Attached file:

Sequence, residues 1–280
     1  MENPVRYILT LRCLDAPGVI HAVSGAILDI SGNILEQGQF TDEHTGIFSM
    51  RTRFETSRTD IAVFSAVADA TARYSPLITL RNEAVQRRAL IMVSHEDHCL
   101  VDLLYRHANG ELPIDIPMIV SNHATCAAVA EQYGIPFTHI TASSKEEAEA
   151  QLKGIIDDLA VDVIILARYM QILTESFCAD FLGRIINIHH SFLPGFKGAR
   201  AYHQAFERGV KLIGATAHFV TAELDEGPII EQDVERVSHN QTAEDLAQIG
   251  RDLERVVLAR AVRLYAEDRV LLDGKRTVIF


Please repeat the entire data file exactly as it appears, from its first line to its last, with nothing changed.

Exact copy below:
Sequence, residues 1–280
     1  MENPVRYILT LRCLDAPGVI HAVSGAILDI SGNILEQGQF TDEHTGIFSM
    51  RTRFETSRTD IAVFSAVADA TARYSPLITL RNEAVQRRAL IMVSHEDHCL
   101  VDLLYRHANG ELPIDIPMIV SNHATCAAVA EQYGIPFTHI TASSKEEAEA
   151  QLKGIIDDLA VDVIILARYM QILTESFCAD FLGRIINIHH SFLPGFKGAR
   201  AYHQAFERGV KLIGATAHFV TAELDEGPII EQDVERVSHN QTAEDLAQIG
   251  RDLERVVLAR AVRLYAEDRV LLDGKRTVIF